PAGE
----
How The Disney-Fox Merger Will Impact Marvel Comics

According to one of its most famous creators.

Disney Marvel Image

Although Marvel Studios and Marvel Comics are technically two separate entities, to say that the reach of the Marvel Cinematic Universe hasn't influenced the comics would be remarkably disingenuous.

Readers will be all too familiar of occasions where the MCU has changed a certain character, origin or otherwise, but they'll also be aware of how the lack of MCU films (or, to be exact, a certain kind of MCU film) has impacted the medium - and it all has to do with the Disney-Fox merger.

By now, the story behind Disney's monolithic takeover will be all too familiar. In the nineties, in an effort to save their company from bankruptcy, Marvel parted with the on-screen rights to several key intellectual properties; Spider-Man went to Sony, New Line Cinema got Blade, and Fox gained control of both the X-Men and the Fantastic Four. For a while, this was fine; the comics continued as per, but as Marvel began to compete in that medium with the MCU, things took a different turn. Suddenly, the Fantastic Four were kicked out of the Marvel Universe, and the X-Men line of comics - once the jewel in the crown of the House of Ideas - gradually declined in terms of prominence.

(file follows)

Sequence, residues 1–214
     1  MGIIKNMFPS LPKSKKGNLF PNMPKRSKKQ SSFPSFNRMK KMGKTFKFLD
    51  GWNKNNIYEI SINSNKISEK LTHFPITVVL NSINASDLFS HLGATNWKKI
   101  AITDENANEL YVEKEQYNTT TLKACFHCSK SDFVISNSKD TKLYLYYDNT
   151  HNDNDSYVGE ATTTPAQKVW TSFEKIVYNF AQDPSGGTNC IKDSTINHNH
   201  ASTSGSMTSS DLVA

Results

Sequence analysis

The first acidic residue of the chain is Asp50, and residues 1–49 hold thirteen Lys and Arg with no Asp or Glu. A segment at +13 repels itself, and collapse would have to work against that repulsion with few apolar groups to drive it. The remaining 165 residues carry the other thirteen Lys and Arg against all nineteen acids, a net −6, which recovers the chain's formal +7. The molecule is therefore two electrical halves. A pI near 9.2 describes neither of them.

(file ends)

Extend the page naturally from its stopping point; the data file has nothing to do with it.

Deadpool Rob Liefeld Cameo

For many, the reason behind it was obvious. Marvel had supposedly issued an edict that forbade the Fantastic Four from appearing in Marvel's Comics as a response to Fox's ownership of their on-screen rights (it's no coincidence they've reemerged just as Disney's takeover was approved), and according to artist Rob Liefeld, that looks to have been the case all along.

Addressing a panel at Wizard World Comic Con (and relayed via MovieWeb), Liefeld claimed that Marvel had been dialling down the X-Men some two decades, and that it's only recently that the mutants are being given further support from the company itself:

"Here's the deal. Since the X-Men movies came out and Disney didn't have them, I don't know if you've ever paid attention, but Marvel kind of turned the volume down on the X-Men for almost 20 years. Now that they have them more, what was told to me was, 'Oh yeah. Our budgets on the X-Men books are back up to what they used to be because now we own them all.'"

So, as the months progress, fans should expect to see a bigger focus on the X-books. Given the success of Tom Taylor's comics - particularly Wolverine and X-Men Red - that sounds very exciting indeed.

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Comics Editor
Comics Editor

WhatCulture's very own Comics Editor. Cats, comic books and spaghetti westerns are my thing. Rants about stuff @EwanRuinsThings